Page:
I was born in Haifa,and I grew up in a German speaking family. My parents emigrated from Germany in '33.
At the age of 16 I went to an agricultural high school and joined a kibbutz. I was a kibbutz member for 25 years and I was in charge of the fruit trees and worked in education. I was the secretary of the kibbutz.
And after the Six-Day War, I started to study psychology. Actually I see that as an outcome of the crisis period of the '67 War and of the Yom Kippur War. At that time I became interested in working in psychology, as a therapist, with families of Holocaust survivors. I did my research in that field. I was in the army for one year as a psychologist in '75 after the '73 War. I became more and more interested in the intergenerational after-effects of trauma, what was transmitted to second and third generations among the Holocaust survivors. In '85 I launched a pioneering research project in Germany where I interviewed the children of Nazi perpetrators, which I did for over 3 years. I interviewed about 90 people in Germany. As a result of my interviews, a group was formed of my interviewees; there were about 10 or 12 of them who met as a self-help group for over four years, from '88 to '92. In '92 (I don't think I had the courage before that), I asked them if they would be willing to meet a group of children of Holocaust survivors.
When they said yes, I suggested it to some of my students in Beer Sheva and some colleagues from Boston and New York. That group, which is called TRT, To Reflect and Trust, started to meet in June 1992 and has met every year since then. In '98, I brought practitioners from current conflicts into the group, people from Northern Ireland, South Africa, and Palestinians and Israelis, to see if what we did in that group was relevant for current conflicts. We knew that they were very different situations, but we wanted to see if it was relevant. We had developed a method for storytelling, which we felt might be relevant.After the Oslo Agreement I started to look for Palestinian colleagues to work with. I felt that after there was mutual recognition we could do some research together. That was when I first met Elia Awwad,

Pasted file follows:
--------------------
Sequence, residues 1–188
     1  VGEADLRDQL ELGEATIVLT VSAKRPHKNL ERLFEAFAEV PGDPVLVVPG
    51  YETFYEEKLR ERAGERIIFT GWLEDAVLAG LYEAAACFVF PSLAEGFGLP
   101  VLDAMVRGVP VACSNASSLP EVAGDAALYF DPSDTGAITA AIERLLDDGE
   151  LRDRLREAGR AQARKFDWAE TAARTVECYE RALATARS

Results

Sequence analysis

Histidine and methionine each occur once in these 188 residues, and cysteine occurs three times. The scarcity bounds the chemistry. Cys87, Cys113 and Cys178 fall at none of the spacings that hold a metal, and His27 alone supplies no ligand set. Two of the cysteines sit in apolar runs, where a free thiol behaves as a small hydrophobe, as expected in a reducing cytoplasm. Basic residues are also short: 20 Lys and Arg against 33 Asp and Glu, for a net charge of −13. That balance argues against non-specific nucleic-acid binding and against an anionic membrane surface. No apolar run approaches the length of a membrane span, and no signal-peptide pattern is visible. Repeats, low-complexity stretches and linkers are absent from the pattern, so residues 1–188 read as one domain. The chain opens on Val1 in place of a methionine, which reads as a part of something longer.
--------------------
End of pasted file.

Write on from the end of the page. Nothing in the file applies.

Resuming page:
who is a psychologist from Beit Sahour, who is now living near Boston. Later I met Professor Sami Adwan
from Bethlehem University. We first joined a research project on the youth and history of twenty-seven countries, which was initiated by the Europeans.
We participated in that research and got to know each other and decided to continue to do research together. We brought together a group of academics from Israel and Palestine and we had meetings at Talitha Kumi
where PRIME is now located. In 1998 we decided to initiate PRIME and to work specifically on projects, always joint, on an equal basis, where Israelis and Palestinians would do research together to promote the peace process.